Being and old hand at non-profit, and knowing that a number of “charities” and “foundations” out there are just the smokescreens that wealthy people use to influence the goings on of the world without their fingerprints being obvious, the recent revelations that the Clinton Foundation was and is being used as a sort of money laundering system in the pay to play scheme running in the Hillary Clinton State Department was, really, par for the course.
The ginormous scheme is being called the equivalent of a Bonnie and Clyde operation. Frankly, that is an insult to Bonnie and Clyde. They were honest criminals. They didn’t seek to deceive the world in order to rule it. And they didn’t have Secret Service protection, either.
When Donald Trump, Jr., said to the world on Fox News one evening that if his father ran his companies like the Clinton Foundation was run, they would be put out of business by the government, he was not kidding. The Clinton Foundation had been on the Charity Navigator Watch List for quite a while citing lack of transparency in the form of not producing audited financial statements. In addition, their overhead costs are wildly out of line, and the organization was taking in far more money than it was dispensing in the form of grants, which is part of their stated purpose as a charity.
Now, Charles Ortel, a man in finance, claims that the problem is even more strident than that. When it comes down to it, the criminal enterprise that is the Clinton Foundation begins with Bill Clinton not being certified to raise money in the State of New York, where the Clinton Foundation is incorporated. (This is a big deal among Certified Fundraising Executives.) There are also some big red flags when it comes to fulfilling the mission of the Foundation as stated, and the reality of the outcomes.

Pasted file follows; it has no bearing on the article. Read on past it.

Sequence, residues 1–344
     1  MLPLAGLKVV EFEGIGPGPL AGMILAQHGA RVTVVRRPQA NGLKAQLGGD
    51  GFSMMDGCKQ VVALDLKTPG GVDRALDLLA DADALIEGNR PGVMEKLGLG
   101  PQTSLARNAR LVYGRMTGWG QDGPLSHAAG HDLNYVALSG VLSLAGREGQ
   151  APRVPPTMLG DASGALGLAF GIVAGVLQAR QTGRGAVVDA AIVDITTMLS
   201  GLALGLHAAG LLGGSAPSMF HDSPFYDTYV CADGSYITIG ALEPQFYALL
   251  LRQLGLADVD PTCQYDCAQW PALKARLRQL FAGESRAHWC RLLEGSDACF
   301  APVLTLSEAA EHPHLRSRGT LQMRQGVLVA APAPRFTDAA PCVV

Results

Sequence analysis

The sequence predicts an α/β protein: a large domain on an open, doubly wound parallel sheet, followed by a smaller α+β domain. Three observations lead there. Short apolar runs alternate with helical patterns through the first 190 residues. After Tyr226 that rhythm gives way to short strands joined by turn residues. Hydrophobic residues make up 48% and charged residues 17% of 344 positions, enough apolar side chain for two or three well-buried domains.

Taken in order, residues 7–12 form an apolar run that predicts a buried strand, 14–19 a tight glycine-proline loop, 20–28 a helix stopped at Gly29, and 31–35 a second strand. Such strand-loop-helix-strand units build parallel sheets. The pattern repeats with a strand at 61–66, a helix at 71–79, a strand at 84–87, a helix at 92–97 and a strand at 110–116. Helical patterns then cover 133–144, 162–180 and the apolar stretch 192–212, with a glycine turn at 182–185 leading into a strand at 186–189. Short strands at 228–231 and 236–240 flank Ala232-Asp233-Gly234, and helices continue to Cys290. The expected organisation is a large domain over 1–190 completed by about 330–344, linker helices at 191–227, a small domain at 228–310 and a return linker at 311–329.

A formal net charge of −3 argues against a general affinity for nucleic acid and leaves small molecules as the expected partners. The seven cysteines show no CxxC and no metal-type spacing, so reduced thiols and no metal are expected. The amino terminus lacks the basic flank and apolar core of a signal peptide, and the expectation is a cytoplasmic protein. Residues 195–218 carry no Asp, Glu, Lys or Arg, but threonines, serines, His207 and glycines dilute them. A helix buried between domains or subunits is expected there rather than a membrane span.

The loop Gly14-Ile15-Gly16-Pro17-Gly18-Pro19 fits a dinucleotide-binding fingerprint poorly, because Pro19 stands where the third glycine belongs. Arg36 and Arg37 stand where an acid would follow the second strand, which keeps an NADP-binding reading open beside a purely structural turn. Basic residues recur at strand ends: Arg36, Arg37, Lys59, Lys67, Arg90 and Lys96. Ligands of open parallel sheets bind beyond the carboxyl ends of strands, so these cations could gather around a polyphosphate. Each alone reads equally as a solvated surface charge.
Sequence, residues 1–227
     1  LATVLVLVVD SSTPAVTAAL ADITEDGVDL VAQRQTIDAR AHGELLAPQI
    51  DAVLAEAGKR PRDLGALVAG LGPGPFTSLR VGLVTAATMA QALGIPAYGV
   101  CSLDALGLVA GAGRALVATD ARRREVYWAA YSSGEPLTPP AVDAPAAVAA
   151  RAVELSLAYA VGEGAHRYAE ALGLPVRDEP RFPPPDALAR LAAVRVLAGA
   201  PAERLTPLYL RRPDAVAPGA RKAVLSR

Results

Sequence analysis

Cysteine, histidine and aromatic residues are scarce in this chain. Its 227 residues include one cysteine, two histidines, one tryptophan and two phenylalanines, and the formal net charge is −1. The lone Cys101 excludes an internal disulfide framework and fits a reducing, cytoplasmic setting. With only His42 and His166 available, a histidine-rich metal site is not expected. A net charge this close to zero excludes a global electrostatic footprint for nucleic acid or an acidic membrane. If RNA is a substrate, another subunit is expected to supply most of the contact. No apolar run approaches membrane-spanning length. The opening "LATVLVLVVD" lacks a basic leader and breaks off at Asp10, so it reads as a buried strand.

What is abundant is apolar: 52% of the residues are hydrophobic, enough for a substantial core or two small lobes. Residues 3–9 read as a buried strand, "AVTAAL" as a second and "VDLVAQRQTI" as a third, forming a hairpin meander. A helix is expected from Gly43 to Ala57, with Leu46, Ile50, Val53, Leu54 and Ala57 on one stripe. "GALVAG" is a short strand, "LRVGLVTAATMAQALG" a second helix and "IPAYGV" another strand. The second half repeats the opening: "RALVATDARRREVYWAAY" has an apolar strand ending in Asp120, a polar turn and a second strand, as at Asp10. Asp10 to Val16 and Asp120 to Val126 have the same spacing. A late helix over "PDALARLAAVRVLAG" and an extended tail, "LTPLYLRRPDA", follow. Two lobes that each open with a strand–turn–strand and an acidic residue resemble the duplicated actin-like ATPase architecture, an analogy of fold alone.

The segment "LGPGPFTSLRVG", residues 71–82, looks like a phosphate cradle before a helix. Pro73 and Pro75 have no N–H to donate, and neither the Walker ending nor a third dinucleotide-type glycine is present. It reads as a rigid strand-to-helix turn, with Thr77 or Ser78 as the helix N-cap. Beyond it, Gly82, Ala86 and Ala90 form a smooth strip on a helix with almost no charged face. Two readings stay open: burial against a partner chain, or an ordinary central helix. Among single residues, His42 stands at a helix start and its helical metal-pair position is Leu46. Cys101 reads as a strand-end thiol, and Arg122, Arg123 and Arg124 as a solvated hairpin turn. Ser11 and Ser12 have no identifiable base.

“On the other hand, on charity fraud, it’s a very different thing. In charity fraud, unlike pay-to-play, you don’t have to prove intent. Under New York State law, in particular, the requirement is merely that you prove the public filings in the Clinton Foundation are false and materially misleading, and they certainly are. This is why you are starting to see these editorial boards around the world say wait a minute. You also have to prove that they solicited, not that they raised money, that they solicited. That, the Clintons have admitted. . . . On the charity fraud side of life, that is the mine field for the Clintons. The second the IRS, or any attorney general or a state taxing authority, decides to make an issue of this, the burden of proof shifts . . . the charity has to come forward and prove the affirmative case. The Clinton Foundation has to prove, since October 23, 1997, that all you have been doing exclusively is furthering the authorized tax exempted purposes, which as far as I know is, to be merely a research facility and archive based in Little Rock. Prove that’s all you have done. Show us the legally audited financial statements. Show us those audits.”
In closing, Ortel contends, “This is a tale that needs to be told, but it’s not going to be a tale that people swallow at first blush given the fact how powerful the Clintons are or how vengeful the Clintons are when they are in power. . . . Another way to talk about the Clintons is the Bonnie and Clyde of charity or the Al Capone of charity.”
Mr. Ortel made this comments in a one on one interview with Greg Hunter available below. Some gems from this interview:
“Monetizing government service.”
“Robin Hood in reverse.”
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